Brass wind instruments consist essentially of a tube whose diameter is variable over its length (Illustration bellow).
The air column "enclosed" within functions as an oscillator and the position of its resonant frequencies correspond mainlyto the well-known partial series. Therefore, only a limited number of "notes" can be produced with such an instrument, namely those whose frequency is identical with the resonant frequencies of the tube. These are called the "natural tones" of the instrument. (Illus. below)
Resonance of the Horn. The peaks of the curve represent the frequencies of playable natural tones.
The Natural Tones of a Brass Instrument.
The note value is an indication of congruity with tempered tuning. The shorter the note value, the poorer the agreement between the natural tone and the musical tuning.
To produce chromatic notes between the natural tones, valves are used to engage cylindrical tubes, lengthening the acoustically active tube by a whole tone (1st valve), a half tone (2nd valve) or 1 ½ tones (3rd valve).
The experience of professional musicians shows that valves have a remarkable influence onto the structure of musical slurs. The sound qualities of slurs are attributable to different valves developed in varying musical traditions. There are currently two types of valves in use today: the rotary valve and the piston valve. The Viennese horn is constructed using a special type of piston valve, the " Viennese double piston valve". The function of the Viennese double piston valve is illustrated below.
The sound characteristics of various valve types was documented for the first time in the 1980's as a part of FWF Project[ ] on the special characteristics of the Viennese horn. In the course of the studies it was shown that a series of slurs sounded smoother using the Viennese valves compared to the rotary valves of the double horn.
The illustrations below show clearly that the Viennese horn creates tones which flow into one another, where the double horn shows a band of noise (approx. 15 ms) which interrupts the slur for a short time.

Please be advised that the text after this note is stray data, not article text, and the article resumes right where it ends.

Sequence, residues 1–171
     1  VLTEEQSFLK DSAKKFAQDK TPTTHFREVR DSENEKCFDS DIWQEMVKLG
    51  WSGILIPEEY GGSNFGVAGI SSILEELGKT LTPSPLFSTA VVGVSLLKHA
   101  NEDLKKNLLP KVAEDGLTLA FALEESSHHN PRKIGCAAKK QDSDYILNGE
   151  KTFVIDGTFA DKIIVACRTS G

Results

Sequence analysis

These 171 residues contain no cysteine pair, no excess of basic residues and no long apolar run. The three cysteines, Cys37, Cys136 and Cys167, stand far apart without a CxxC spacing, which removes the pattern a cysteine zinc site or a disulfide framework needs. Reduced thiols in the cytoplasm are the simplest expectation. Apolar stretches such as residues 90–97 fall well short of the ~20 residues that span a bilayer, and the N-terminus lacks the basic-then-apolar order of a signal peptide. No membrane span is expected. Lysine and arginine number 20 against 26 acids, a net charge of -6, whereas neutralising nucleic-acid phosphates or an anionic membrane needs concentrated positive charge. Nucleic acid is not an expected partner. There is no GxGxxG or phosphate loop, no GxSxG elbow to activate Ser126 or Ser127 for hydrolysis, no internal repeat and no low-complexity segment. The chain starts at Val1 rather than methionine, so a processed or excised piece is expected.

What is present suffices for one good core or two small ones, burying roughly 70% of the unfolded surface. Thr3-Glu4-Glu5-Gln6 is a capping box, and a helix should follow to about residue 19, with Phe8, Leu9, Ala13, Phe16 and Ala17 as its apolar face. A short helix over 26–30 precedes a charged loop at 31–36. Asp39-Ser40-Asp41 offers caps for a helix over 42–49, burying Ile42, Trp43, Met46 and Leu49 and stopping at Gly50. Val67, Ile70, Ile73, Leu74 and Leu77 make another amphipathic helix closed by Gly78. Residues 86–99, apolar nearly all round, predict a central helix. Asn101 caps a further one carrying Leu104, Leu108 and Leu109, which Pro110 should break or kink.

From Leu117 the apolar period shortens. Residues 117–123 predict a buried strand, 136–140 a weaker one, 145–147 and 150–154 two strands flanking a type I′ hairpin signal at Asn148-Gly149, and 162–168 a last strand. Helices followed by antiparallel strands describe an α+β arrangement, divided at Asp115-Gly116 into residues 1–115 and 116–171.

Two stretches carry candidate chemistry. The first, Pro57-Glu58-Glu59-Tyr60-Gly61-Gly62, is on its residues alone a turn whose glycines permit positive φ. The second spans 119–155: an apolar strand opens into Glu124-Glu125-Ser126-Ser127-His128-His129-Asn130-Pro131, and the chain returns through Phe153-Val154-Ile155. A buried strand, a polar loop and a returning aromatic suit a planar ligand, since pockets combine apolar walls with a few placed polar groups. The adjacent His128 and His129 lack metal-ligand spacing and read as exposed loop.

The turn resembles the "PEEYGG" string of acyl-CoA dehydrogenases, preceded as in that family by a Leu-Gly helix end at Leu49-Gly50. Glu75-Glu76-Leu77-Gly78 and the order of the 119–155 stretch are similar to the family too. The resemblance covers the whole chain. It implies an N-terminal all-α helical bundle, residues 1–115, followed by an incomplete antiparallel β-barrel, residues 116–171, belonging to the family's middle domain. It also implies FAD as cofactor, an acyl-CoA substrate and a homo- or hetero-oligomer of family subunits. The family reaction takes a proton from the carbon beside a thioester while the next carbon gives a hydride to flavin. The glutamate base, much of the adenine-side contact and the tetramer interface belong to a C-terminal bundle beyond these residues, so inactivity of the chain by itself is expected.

This band of noise is not consciously audible to the listener, but does define the sound character of a specific instrument or type of valve.
Illustration: Radiated sound of an octave slur f'-f''(left, Viennese valve, right, rotary valve.) Frequency is shown from left to right, time from front to back.
In order to define the acoustical behavior of the instrument, a mechanical process was developed to depress the valve in eight steps, measuring the input impedance at each step.
The relevant frequency range (from the fundamental of the departure tone to the fundamental of the arrival tone) were cut out and successively combined.
The Path-impedance-frequency diagrams created in this way correspond to the waterfall spectrum of the sound radiated from the instrument (illustration below) and represent the situation occurring at the player's lips and mouthpiece during the slur.
Similar measurements on trumpets with various valve types achieved the opposite results, however, and some results which showed no connection between valve type and the instrument's acoustical characteristics. Further knowledge of the acoustical developments within the instrument during slurs was achieved through the thesis work of Stephan Campidell in later experiments.
Campidell showed that, regardless of valve type, the half-open valve "cuts off" the instrument at the point where the valve sits. Diagrams of the pulse response show no difference between a half-open valve, and the same instrument with the rest of the tube removed at that point (see illustration below).
pulse reply of the instrument with half-open valve
pulse reply when the tube is cut after the first valve
It is clear that there are no differences in the acoustical characteristic.